eyes from one box to two with only one of
the boxes checked. Suddenly I was
challenged with the question, "Will there
be anything else?"
"Yes, I said, "there will be a frame. A
really nice frame."
"Not on the menu," was the answer. I looked
up to find the looming waiter writing a
I ran back to my apartment-studio, took out
a pad and began playing with boxes and
check marks. After three minutes I learned
that there are only nine different
combinations of two boxes and a check mark.
My head was throbbing with ideas. Looking
back, it could have been an MSG headache. I
downed a couple of ibuprofens, then ran
over to Pearl Paint to buy supplies. I
picked out half a dozen 18-by-20-inch
prepared canvases, the same number of gaudy
frames, and a dozen tubes of really good
acrylics. I lined up to wait to pay. When I
reached the counter, I gave them my credit
A minute later I heard, "Sorry, your card
isn't any good."
"What! Put it through again please." I
tried to control my rage at the Visa
idiots, whomever they are. I've learned
anger means nothing to functionaries. But
no credit? The ultimate shame and disgrace.
The art world exists on credit.
"I put it through three times, already. Do
you want to pay cash?"
"Let me see. I'll be right back."
I had about 20 $ on me and the charge
was for $326. I walked out of Pearl
wondering if I'd paid my plastic money
bill. I walked up Broadway until I came to
National Wholesale Liquidators, the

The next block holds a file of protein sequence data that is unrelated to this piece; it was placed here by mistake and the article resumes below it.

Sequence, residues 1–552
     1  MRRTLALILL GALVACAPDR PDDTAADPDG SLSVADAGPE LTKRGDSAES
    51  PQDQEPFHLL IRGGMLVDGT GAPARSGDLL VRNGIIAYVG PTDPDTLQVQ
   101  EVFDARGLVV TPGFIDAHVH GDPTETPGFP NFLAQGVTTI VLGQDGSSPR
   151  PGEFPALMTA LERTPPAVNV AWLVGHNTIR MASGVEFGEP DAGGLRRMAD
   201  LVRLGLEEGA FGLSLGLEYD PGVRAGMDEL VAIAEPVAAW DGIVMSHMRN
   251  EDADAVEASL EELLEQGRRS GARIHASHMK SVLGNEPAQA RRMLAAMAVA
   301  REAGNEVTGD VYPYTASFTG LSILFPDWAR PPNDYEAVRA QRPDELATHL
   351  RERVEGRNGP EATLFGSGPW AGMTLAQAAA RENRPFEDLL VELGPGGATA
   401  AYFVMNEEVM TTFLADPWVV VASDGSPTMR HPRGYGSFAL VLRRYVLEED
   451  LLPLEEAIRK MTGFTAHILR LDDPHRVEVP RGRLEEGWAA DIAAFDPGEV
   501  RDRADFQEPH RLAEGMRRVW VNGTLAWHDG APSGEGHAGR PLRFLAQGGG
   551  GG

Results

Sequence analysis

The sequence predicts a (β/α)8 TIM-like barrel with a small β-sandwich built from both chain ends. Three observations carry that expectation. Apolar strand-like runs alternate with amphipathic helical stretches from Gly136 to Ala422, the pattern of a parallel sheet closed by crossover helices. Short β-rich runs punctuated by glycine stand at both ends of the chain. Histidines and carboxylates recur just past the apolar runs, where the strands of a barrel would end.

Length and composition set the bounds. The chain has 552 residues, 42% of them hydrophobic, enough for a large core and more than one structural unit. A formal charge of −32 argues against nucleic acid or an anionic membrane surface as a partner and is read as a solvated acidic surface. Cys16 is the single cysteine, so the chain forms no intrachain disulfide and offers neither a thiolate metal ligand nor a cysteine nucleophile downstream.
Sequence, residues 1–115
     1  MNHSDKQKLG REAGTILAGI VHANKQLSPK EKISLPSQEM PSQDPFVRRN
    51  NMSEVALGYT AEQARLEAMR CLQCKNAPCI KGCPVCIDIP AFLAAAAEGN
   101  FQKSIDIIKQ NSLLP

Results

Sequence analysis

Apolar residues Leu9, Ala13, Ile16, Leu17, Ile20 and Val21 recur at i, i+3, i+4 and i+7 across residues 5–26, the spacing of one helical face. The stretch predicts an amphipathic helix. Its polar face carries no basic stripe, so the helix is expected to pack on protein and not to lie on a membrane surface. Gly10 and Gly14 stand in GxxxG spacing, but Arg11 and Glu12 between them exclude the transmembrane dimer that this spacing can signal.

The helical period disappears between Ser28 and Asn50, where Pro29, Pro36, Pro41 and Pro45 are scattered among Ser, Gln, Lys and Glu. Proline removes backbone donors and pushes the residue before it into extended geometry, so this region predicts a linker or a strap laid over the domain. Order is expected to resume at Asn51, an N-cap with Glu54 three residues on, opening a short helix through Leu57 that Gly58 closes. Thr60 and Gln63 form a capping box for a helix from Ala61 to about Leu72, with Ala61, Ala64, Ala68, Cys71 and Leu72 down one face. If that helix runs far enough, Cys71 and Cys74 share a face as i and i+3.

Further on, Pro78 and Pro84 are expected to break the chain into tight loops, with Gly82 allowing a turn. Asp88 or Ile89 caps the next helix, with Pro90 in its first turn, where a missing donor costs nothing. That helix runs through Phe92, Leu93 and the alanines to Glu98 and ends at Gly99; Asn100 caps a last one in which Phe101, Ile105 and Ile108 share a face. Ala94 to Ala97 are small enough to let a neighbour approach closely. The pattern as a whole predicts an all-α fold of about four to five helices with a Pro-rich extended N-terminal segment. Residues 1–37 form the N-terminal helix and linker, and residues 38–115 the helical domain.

ultimate discount store. I knew they sold
ready-made picture frames for a few bucks.
I chose a couple of 4-by-6-inch gilded
wooden frames after reviewing several
styles in chrome and plastic. I paid $5
cash for both.
Back in my studio I cut some shirt
cardboards to fit the frames. I drew boxes
and check marks with colored magic markers
and enhanced each design with more colors.
By 2 a.m. I had made 20 paintings and
chosen two for framing. I believe an
artist's day is a journey filled with
unknown roads that lead to transcendent
vistas. I slept the sleep of creative
exhaustion. I took two more ibuprofens for
my headache. In the morning I placed the
two little paintings into their gilded
frames and wrapped them in brown paper
bags. I went straight to the gallery. At
the reception desk I asked for Mr. Feldman.
There was a different woman behind the desk
this time. She looked at me, picked up the
phone, and said into it, "Mr. Feldman, your
"No, no," I said, "I'm bringing some art
for Campaign '96. I was told to come back
today." I exaggerated my instructions.
Omission for art's sake is no crime.
Mr. Feldman came through the door. He
walked me away from the receptionist. "What
do you have there?"
I opened the bags and held up the two
little frames. Mr. Feldman studied them for
a long minute.
"I like them," he said (which gave me more
hope than anything anyone's ever said to
me), "but I can't put them in the show.
These works," he turned his head slowly to
imply the walls filled with art, "are
bankable. I need work that can bring in
money for the campaign."
"But you can try to sell these." I must
have sounded like a beggar.
"I couldn't give them away in this show.
See me again when you're selling for these
kind of prices. But I appreciate your
concern. Keep up the good work." He smiled,
turned and walked back to the office.
Thanks for your time," I said. "Have a nice
day." But he was gone.
The gallery doors seemed heavier than I
remembered. The air was hot, thick and
dirty on Mercer Street. My little paintings
burned like fire in my sweaty hands.
What should I do with them now that they
exist? They must be seen, I decided. But by
whom? And for what reason?
(Continued next month In Artist-Voter
Larry Litt is a New York-based arts
activist, writer and performer.